Staunton, December 3 – Russian flight from the North Caucasus has long been a matter of concern for Russians, but a new study confirms something that is likely to be even more threatening to Moscow’s control of the region: the percentage of Russians in the power elites of the republics there now even lower than their diminished percentages in the populations.
Not only does that set the stage for more Russian flight, but it recalls a trend at the end of Soviet times when the share of ethnic Russians and especially ethnic Russian officials in the non-Russian union republics was falling, triggering a self-reinforcing pattern that ultimately led to the disintegration of the USSR.
Mikhail Romanov, a researcher at the Politex Agency for Social Technnologies, pointedly suggests that the reasons Russia is “losing the North Caucasus” are that “practically no ethnic Russians remain in the power elites” there and that Moscow prefers to “ignore” this trend (expert.ru/expert/2013/48/pochemu-myi-teryaem-severnyij-kavkaz/).
In reporting on his research, which was supported by the Moscow Institute of Ethnology and Anthropoloy and the EAWARN monitoring program, Romanov notes that “the alpha and omega of Russian nationality policy is today considered to be the establishment and the strengthening of the [non-ethnic] Russian nation.”
But in reality, he suggests, the basis for that “can only be [ethnic] Russian culture, the Russian language and the genuinely [ethnic] Russian people as its bearer.” And Romanov pointedly asks “What do a Nivkh and an Avar have in common except for Russianness?” Consequently, if that is lost, so too is a great deal more.
The researcher notes that there have been many apocalyptic predictions about the disappearance of the Russian people. For Russia as a whole, these are almost always overstated, but in the North Caucasus, it is already “an objective reality,” one that calls into question not only “the creation of a [non-ethnic] Russian nation there” but also the retention of the region within the Russian Federation.”
Russians have been leaving the North Caucasus since the 1970s, with their share of the population declining in some cases by ten percent (Adygeya) but in others by 95 percent (Chechnya). Many blame this on the de-industrialization of the North Caucasus, but polls show that the biggest reason is that Russians no longer feel personally secure there.
Efforts in recent years to retain ethnic Russians or to attract them back have failed, Romanov says. And they will continue to do so if they are carried out as they are now: four out of five ethnic Russian young people living there say they are ready to leave. Many of them certainly will.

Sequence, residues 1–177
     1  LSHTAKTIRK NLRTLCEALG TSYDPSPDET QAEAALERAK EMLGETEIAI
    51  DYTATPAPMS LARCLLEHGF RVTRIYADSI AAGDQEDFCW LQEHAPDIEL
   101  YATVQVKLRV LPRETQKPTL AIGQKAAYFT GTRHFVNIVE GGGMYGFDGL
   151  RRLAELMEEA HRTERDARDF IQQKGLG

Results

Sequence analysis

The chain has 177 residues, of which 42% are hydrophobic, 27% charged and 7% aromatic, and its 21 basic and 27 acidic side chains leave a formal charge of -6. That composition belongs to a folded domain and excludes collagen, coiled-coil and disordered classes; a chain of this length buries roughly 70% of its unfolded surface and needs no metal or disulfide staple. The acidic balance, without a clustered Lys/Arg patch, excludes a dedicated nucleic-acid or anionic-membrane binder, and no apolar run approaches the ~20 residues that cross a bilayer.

A major reason for this, Romanov suggests, is that “ethnic Russians in the region are in an obvious unequal position relative to the titular population.” He gives as an eample the share of Russians in the administrative elites: It is now “two to three times lower” than in the population of the republics as a whole.
The only exceptions to this are Daghestan where ethnic Russians form 4.5 percent of the elite but only 3.6 percent of the population and Ingushetia where they form 11 percent of the elite but only 0.8 percent of the residents. Elsewhere, their shares in the administration are much lower than in the population. In Chechnya, for example, there are no Russians in the elites.
The absence of ethnic Russians is especially striking at the most senior positions. None of the heads of republics, none of the heads of government, and none of the mayors of the capital cities in the North Caucasus is an ethnic Russian now, and only two of the seven speakers of the parliament are ethnic Russians.
The departure of Russians from these republics and their absence in the administrations affects not only the Russians and the titular nationalities but also “the so-called Russian language groups” like Armenians, Greeks, Jews, Ukrainians and so on. That is because “together with the Russians, Russian culture and the Russian way of life are leaving as well.”
But nature abhors a vacuum, and this gap is increasingly being filled by the process of Islamization, Romanov says. Indeed, “to a certain degree, Chechnya and Ingushetia already today can be called Islamic republics.”
Moscow officials are aware of this problem, but they prefer to talk about it in general terms rather than focusing on the North Caucasus lest they spark more tensions or raise expectations. But their use of “euphemisms” to talk about this trend is extremely dangerous, Romanov says.
In Soviet times, Moscow ensured both the presence of Russians in this region and its own control by enforcing the principle that the deputy of republic leaders would “always be an [ethnic] Russian.” That system broke down in the last years of the existence of the USSR, and its demise speeded the end of the country.
If Moscow does not recognize that it faces a similar challenge today within the Russian Federation, then “sooner or later [it] will lose this region,” Romanov says. And it will “not because Russian nationalists or foreign enemies want to dismember Russia.” Rather, the North Caucasus will go its own way because it will be “a region which lives by its own laws” and in which “there are simply no [ethnic] Russians left.”
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